What is WFH revealing about your career management?…or lack of it?

Recently I asked a senior leader what he’s noticing in his company’s Zoom and Slack community. What he said broke my heart a little. He said that of the 40 people he deals with on a regular basis, the same handful participate regularly in Slack or on Zoom meetings. Another handful almost never speak up and worse, they call in from a phone and no one sees their face. He said it seems like they’re using WFH to hide out. professional development

In June another corporate client asked me to do a session for 100 mid-level managers ahead of their mid-year reviews. A lot of their managers were feeling uncomfortable asking about promotions and career advancement when there’s so much suffering going on. To that company’s credit, they wanted me to talk about how to have a career conversation with your boss — because they want their managers to keep growing.

The net-net of it is that the Great Pause doesn’t have to be a time to put career management or professional development on hold. Here are a few ideas to help keep you and your team on track:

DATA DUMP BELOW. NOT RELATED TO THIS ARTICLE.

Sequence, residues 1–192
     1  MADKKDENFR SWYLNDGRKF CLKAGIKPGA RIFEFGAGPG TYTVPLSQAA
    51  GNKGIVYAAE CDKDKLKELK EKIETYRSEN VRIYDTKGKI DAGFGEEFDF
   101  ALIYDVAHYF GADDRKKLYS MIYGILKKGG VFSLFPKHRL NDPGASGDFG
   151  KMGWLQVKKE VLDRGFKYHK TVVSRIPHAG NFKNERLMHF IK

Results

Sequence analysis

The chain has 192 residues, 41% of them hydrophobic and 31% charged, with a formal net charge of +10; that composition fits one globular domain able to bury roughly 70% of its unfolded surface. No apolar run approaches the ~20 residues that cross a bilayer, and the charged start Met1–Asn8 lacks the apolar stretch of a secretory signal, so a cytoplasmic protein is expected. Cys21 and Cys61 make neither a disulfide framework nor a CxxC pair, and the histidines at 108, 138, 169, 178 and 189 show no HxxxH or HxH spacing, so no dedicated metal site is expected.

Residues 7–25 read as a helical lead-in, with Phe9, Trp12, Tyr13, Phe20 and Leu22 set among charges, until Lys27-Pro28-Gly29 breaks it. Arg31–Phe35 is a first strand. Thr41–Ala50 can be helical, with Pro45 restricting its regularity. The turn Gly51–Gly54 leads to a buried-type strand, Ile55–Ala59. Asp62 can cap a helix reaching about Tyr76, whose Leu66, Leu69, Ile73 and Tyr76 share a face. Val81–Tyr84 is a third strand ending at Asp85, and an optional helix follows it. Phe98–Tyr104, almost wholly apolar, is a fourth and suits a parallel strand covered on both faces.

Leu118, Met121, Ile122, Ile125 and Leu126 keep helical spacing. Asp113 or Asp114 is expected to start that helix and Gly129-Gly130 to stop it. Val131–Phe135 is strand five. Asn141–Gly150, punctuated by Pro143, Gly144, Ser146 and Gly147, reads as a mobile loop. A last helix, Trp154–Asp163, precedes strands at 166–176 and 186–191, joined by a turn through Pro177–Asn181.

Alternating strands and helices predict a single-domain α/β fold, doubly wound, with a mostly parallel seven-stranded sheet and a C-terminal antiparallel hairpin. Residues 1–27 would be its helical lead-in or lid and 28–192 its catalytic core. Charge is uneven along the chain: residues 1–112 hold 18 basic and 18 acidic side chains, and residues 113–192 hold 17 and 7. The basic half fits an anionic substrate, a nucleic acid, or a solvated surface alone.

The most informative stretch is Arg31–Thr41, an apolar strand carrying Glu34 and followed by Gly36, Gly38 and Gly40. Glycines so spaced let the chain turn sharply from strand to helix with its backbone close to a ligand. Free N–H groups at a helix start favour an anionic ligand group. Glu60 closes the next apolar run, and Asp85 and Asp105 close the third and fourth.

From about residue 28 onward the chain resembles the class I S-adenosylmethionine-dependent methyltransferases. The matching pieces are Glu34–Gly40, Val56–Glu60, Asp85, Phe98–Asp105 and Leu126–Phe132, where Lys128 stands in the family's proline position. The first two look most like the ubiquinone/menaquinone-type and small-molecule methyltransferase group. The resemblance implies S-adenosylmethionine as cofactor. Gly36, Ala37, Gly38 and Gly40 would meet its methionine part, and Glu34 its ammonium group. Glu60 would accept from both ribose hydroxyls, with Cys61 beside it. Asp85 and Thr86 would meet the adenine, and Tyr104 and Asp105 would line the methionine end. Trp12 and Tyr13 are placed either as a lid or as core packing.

Brand yourself: Keep sharing what you are up to and what you are focused on. It’s important that others in the organization now what you want and where you feel you can contribute. This year your organization might not be able to accommodate your request, but knowing your goals will help them help you when they can.

Executive presence and leadership: If there are areas of weakness or skill-building that you have wanted to work on, keep it up.  One of my favorite sources for growing as a leader is The Next Level by Scott Elbin.  Another great source is the Center for Creative Leadership. As ambiguity and uncertainty increase, your ability to work well in changing teams, or your ability to lead a highly collaborative team will be a huge factor in your success.

Know who the key decision makers are and build relationships with them: In Expect to Win, Carla Harris talks about the importance of mentors, sponsors and advisors. An important difference is that a mentor may help you with advice, but only a sponsor is in a position to make decisions on your behalf. That matters for your advancement.

Keep building your network: With change only accelerating, we all need to stay connected. Even if you don’t have a lot of time, do make an effort to check in with people.

Make sure to take care of yourself: When you’re feeling low energy, disconnected from friends or aren’t processing the sometimes heavy emotions that come with the times we’re living in, it can affect behavior. Defensiveness, protectiveness, procrastination. These are all behaviors that come up when we are out of sorts. We think the problem is with the situation or the person we’re dealing with, but so often it can be misdirected emotion.

Remember, we don’t help anyone by playing small. On the contrary, as we grow and show our best self, we offer others the opportunity to do the same.

All my best,
Claire

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